Everyone’s favorite musical mad scientist reveals a troubled yet hopeful life.
Famously, as depicted in the recent film Love & Mercy, Wilson stopped touring with his band, the Beach Boys, after suffering a panic attack while on a flight to Houston in 1964. He did not retreat—not yet, anyway—from music, spending the next year thinking about what kinds of songs he wanted to write and whether pop had any sonic boundaries beyond which one could not travel. “I couldn’t really think of any limits,” he writes, and so emerged “Pet Sounds,” “Good Vibrations,” “California Girls,” and other resonant wonders. At the same time, and ever since, Wilson has battled mental illness, a malady with a clear genetic lineage, as well as the effects of abuse at the hands of his father, his psychiatrist, and the less angelic voices in his head. Chasing down his sonic visions is a matter that Wilson treats with some mystery. As he writes, he saw bits and pieces of melody go swimming by like goldfish: “They dart one way and you see a little flash of orange, but you don’t really know whether they’re coming or going.” Wilson writes as he speaks, haltingly and with a kind of sideways hesitancy born, he tells it, from being deafened by a blow from his father’s fist—which has had one salutary effect, though giving him a lopsided appearance, namely that he writes in mono: “I can only hear out of one side, which means that it’s already mixed down.” Readers seeking a tell-all will find instead delicate, thoughtful reflections on how music is made as well as wistful remembrances of Wilson’s dead brothers and band mates Carl and Dennis. When the usual villain of the Beach Boys story, Mike Love, is mentioned, it is only briefly, and then usually in connection to some legal action or another.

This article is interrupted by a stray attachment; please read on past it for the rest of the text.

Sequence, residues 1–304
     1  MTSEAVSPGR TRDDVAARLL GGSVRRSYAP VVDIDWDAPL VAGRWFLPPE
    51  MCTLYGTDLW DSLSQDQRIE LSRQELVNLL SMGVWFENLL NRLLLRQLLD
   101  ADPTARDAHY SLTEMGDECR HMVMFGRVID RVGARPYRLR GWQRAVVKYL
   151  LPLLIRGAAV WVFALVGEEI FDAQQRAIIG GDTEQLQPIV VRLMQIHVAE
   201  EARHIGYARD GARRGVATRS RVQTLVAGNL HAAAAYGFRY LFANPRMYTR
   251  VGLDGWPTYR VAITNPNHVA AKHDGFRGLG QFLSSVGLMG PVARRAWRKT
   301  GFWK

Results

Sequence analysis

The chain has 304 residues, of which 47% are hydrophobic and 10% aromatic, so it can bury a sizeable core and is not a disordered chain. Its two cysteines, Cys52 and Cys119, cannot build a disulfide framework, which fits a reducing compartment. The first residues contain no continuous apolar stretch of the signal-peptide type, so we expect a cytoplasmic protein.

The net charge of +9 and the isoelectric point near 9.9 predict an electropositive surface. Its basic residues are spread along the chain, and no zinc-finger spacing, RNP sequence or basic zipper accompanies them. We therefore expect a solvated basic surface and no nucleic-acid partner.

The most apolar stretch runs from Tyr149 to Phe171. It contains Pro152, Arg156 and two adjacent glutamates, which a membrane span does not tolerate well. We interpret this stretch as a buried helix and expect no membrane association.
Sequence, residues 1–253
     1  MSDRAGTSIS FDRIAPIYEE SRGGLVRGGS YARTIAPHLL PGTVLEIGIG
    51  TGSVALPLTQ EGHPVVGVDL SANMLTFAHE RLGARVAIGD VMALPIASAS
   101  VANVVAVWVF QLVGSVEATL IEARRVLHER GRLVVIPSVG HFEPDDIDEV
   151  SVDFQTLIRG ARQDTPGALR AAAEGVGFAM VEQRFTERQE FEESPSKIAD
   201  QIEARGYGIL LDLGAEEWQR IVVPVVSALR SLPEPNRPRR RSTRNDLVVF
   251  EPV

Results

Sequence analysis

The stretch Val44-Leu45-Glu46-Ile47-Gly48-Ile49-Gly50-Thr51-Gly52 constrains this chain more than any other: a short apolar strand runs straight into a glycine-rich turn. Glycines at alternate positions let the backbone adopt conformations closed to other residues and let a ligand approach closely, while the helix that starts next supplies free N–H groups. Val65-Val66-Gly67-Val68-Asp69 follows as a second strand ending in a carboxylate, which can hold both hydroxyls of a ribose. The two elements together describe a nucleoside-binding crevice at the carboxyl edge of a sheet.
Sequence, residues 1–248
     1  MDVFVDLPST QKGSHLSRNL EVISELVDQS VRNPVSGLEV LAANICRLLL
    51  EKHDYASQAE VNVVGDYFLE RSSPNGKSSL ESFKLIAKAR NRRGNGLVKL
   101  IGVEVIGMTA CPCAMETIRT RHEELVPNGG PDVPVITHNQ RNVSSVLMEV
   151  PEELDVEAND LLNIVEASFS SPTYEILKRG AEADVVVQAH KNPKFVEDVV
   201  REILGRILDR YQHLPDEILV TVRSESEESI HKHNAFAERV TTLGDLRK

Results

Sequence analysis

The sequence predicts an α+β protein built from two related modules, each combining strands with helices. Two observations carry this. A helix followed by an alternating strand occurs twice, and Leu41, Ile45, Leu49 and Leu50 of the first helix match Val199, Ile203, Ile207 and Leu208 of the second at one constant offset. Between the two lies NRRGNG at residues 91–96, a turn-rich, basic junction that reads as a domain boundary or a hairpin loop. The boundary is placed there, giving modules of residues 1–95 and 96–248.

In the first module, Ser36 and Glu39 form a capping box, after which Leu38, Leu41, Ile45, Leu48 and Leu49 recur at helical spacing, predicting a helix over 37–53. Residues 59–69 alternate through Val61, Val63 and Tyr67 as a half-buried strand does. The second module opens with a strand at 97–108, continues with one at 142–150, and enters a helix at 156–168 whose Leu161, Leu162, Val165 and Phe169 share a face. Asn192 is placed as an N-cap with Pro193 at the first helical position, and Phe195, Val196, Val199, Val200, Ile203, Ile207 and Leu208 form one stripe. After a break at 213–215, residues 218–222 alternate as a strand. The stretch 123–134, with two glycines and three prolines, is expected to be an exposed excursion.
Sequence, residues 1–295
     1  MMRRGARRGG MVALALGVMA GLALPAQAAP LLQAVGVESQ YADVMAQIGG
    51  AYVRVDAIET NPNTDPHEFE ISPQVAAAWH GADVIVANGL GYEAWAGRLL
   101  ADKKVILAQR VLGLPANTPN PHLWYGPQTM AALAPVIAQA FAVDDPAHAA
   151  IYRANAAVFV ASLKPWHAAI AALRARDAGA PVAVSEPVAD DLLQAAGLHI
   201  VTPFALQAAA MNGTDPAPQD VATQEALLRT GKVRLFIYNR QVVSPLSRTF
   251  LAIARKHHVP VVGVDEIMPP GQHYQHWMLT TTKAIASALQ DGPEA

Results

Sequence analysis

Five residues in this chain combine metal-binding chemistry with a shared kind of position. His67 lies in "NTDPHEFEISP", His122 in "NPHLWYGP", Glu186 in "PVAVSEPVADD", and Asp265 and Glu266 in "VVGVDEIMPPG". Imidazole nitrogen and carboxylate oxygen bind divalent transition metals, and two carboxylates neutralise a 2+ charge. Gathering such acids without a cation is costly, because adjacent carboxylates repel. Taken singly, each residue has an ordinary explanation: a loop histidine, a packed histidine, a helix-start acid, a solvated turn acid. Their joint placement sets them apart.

As a study in creativity, superb, though as memoir, partial and a touch reluctant. Whatever the case, essential for any Beach Boys fan.